The configuration of BGP requires several steps, and various configuration commands. It has to be configured for any PE-to-PE MP-iBGP sessions across the MPLS/VPN backbone, and for any PE-to-CE eBGP sessions for customers that want to run BGP with the service provider. Chapter 10 covers the configuration of these PE-to-CE eBGP sessions.
You saw earlier in this chapter that as part of the MP-BGP specification (RFC 2283), an address-family is created to allow BGP to carry protocols other than IPv4. Within the MPLS/VPN architecture, this address-family is the VPN-IPv4 address and BGP must be told that this type of address-family is carried by one of its sessions.
The default behavior when a BGP session is configured on a Cisco router is to activate the session to carry IPv4 unicast prefixes. This might represent a problem in a pure MPLS/VPN environment, where BGP is used solely to carry VPN-IPv4. Therefore, a new command is introduced to reverse this behavior so that the activation of any BGP sessions, whether IPv4 or VPN-IPv4, does not occur by default. Example 9-16 shows the syntax of this command.
San Jose(config)# router bgp 1 San Jose(config-router)# no bgp default ipv4-unicast
The next step in the configuration of MP-iBGP is to define and activate the BGP sessions between PE-routers. Some of these sessions carry VPN-IPv4 routes, some only IPv4 routes, and others carry VPN-IPv4 and IPv4 routes. The type of BGP session and the specification of which routes (VPN-IPv4 or IPv4) the session will carry are controlled through the use of address families within the BGP configuration for routes that are injected into and out of BGP, into and out of VRFs, and through the normal BGP configuration process for routes that belong to the global routing table. The address-family is synonymous with the routing context.
You must configure a BGP address-family for each VRF configured on the PE-router and a separate address-family to carry VPN-IPv4 routes between PE-routers. All non-VPN BGP neighbors (other PE-routers and other global BGP peers) have to be defined under the router bgp configuration mode. All VPN BGP neighbors (for example, a CE router exchanging routes with a PE-router through BGP) are defined under its associated address-family. The BGP process (with no address-family specified) is the default address-family where any sessions are configured that either are not associated with a VRF or are used to carry IPv4 routes from the global routing table.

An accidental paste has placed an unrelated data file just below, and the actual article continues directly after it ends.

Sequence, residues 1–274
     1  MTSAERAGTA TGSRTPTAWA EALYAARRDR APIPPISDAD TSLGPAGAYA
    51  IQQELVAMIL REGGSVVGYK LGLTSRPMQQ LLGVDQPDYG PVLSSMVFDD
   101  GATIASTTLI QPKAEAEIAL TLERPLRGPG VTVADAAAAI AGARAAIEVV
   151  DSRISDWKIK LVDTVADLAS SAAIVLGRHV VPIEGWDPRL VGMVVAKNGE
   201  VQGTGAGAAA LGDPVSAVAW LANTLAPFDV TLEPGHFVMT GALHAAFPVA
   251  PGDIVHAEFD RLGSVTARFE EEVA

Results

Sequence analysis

The configuration of the BGP sessions that carry IPv4 routes from the global routing table is exactly the same as the standard BGP configuration, with the exception that the session needs to be activated. The neighbor command controls the activation of the session, as shown in Example 9-17. This example also shows all the relevant commands used to establish an IPv4 BGP session between the SuperCom San Jose PE-router and the New York PE-router (this example assumes that the New York router is configured already).
San Jose(config)# router bgp 1 San Jose(config-router)# neighbor 184.108.40.206 remote-as 1 San Jose(config-router)# neighbor 220.127.116.11 update-source loopback0 San Jose(config-router)# neighbor 18.104.22.168 activate
The BGP process activates the MP-iBGP session that carries VPN-IPv4 prefixes through the use of the BGP's own address-family. This configuration creates a routing context for exchanging VPN-IPv4 prefixes. Example 9-18 shows the syntax of this command and the relevant command to configure the MP-iBGP session between the SuperCom San Jose and New York routers in the case study.
San Jose(config)#router bgp 1 San Jose(config-router)#address-family ? ipv4 Address family vpnv4 Address family San Jose(config-router)#address-family vpnv4 San Jose(config-router)#neighbor 22.214.171.124 activate
In Example 9-18, notice that the VPNv4 address-family configuration needs only one command. This is because the BGP neighbor must be configured under the global BGP process, and therefore needs to be activated to carry only VPN-IPv4 prefixes.
The configuration of the vpnv4 address-family also adds a further command to the BGP configuration. This command is neighbor x.x.x.x send-community extended. This command is added by default and is necessary because it instructs BGP to advertise the extended community attribute discussed earlier in this chapter. Example 9-19 provides the syntax of this command.
San Jose(config-router)#neighbor 126.96.36.199 send-community ? both Send Standard and Extended Community attributes extended Send Extended Community attribute standard Send Standard Community attribute <cr>
The default behavior is to send only the extended community attribute. If the network design requires the standard community attribute to be attached to VPN routes, change the default configuration using the command neighbor 188.8.131.52 send-community both.
As you already know, after the VRF is populated with any customer routes, these routes need to be advertised across the MPLS/VPN backbone. MP-iBGP performs this job by carrying these routes as VPN-IPv4 prefixes across the MP-iBGP sessions between PE-routers. To allow this to happen, the routing context needs to be configured within the BGP process to tell BGP which VRF routes to advertise.